http://almus.net/docs/Pcheli/English/The%20Wisdom%20of%20the%20Hive%20-%20The%20Social%20Physiology%20of%20Honey%20Bee%20Colonies.pdf

“2.2. Worker Life History” page 28…
“During the first few days of adult life, a
worker functions primarily as a cell cleaner, cleaning and polishing
recently vacated brood cells. She also devotes time to eating some of
the pollen that is stored nearby, which favors the rapid activation
of her hypopharyngeal glands. The worker also spends some 20% of
her time resting—standing motionless on the combs or in a cell—
and another 20% patrolling—walking about the combs, as if searching
for work. By the time she reaches 3 days of age, she functions as a nurse, for her hypopharyngeal glands have begun secreting brood
food and she has started spending much time feeding the brood. She
also performs the other tasks that arise within the broodnest,
including tending the queen, capping brood, and grooming and
feeding nestmates. This pattern continues for the next 10 days or
so, or until she is about 12 days old. At this point she leaves the central
broodnest to work primarily in the peripheral, food-storage
region of the hive. Here she functions mainly as a food storer. Her hypopharyngeal glands are secreting the enzymes needed for producing
honey, and her poison gland has filled the venom sac. Shuttling
between the hive entrance and the upper honeycombs, she
receives nectar from the returning nectar foragers, converts it to
honey, and deposits this in the storage cells. She also packs pollen in
cells, ventilates the hive by fanning her wings, helps guard the hive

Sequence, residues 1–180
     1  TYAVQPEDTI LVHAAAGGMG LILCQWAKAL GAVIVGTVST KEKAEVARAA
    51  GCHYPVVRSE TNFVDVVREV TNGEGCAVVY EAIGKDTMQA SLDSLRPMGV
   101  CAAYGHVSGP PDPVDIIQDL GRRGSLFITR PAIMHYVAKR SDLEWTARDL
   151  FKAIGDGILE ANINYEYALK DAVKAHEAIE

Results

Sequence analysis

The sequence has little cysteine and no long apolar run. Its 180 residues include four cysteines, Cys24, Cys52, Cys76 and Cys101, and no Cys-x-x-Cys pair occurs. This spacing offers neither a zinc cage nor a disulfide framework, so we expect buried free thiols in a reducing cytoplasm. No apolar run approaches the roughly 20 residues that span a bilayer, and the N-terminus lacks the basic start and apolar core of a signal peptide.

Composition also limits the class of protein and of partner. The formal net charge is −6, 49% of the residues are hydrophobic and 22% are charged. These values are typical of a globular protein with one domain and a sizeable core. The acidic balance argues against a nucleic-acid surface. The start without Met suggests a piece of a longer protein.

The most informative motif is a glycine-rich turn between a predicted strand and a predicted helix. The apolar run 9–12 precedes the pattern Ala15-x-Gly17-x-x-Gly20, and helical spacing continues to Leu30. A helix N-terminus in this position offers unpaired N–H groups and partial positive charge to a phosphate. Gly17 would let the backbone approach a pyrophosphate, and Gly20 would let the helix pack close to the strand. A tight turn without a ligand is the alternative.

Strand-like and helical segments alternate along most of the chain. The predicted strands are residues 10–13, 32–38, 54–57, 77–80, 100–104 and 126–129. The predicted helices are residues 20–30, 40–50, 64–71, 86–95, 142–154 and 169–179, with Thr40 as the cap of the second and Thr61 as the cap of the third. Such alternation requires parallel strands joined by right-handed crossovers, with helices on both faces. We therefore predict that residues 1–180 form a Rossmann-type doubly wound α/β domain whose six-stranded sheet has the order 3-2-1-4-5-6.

entrance, and continues grooming and feeding her hivemates. Also, if additional comb is needed for honey storage, these middle-aged
bees will activate their wax glands and build comb. Finally, from the
age of about 20 days until the end of life, a worker toils outside the
hive as a forager, gathering nectar, pollen, water, resin, or some combination
of these substances.”

“It must be stressed
that the activities of workers are adjusted in accordance with the
needs of their colony, and that these needs can vary greatly depending
on the conditions both inside and outside the hive. Indeed, it is
probably possible for bees of almost any age to perform a particular
task if the occasion demands it, as has been recently discussed in detail
by Robinson (1992).”


#6

I am researching purchasing bees. One video I watched, the beekeeper had about 10,000 he installed…one local site I am looking see by 3 lb boxes or 4 frame nucs. Is that about right for the average pkg or nuc?

Typical packages are 3lbs (they vary from 2 to 4). A typical nuc is 5 frames but there are some 4 frame out there.

I would think 1-3lb box would be a large quantity to start with…

It’s about right for one hive, but I would start with at least two hives and three would be best.

Now what are the pros and cons to pkg vs Nuc?

If the Nuc is on the size frames you want (I like mediums and most nucs are deeps) and the size cell you want (I want 4.9mm cells or natural comb and most are on large cell 5.4mm cells). Then a Nuc is probably best. But in my experience they seldom come in the size I want. So the package has the edge.


#7

The Flow Hive brood chamber is a DEEP isn’t it?

Thanks for all the responses…this has been VERY helpful!


#8

Yes, both boxes are deeps in fact.


#9

To answer the question in the title: 60,000 bees would be ideal. At the start of spring you could start off with one frame of brood covered in bees & a young queen in a nuc box & give them bigger boxes as they expand… By the end of summer, you should have a full strength hive. A 4 frame nuc with a young queen would be a good starting point.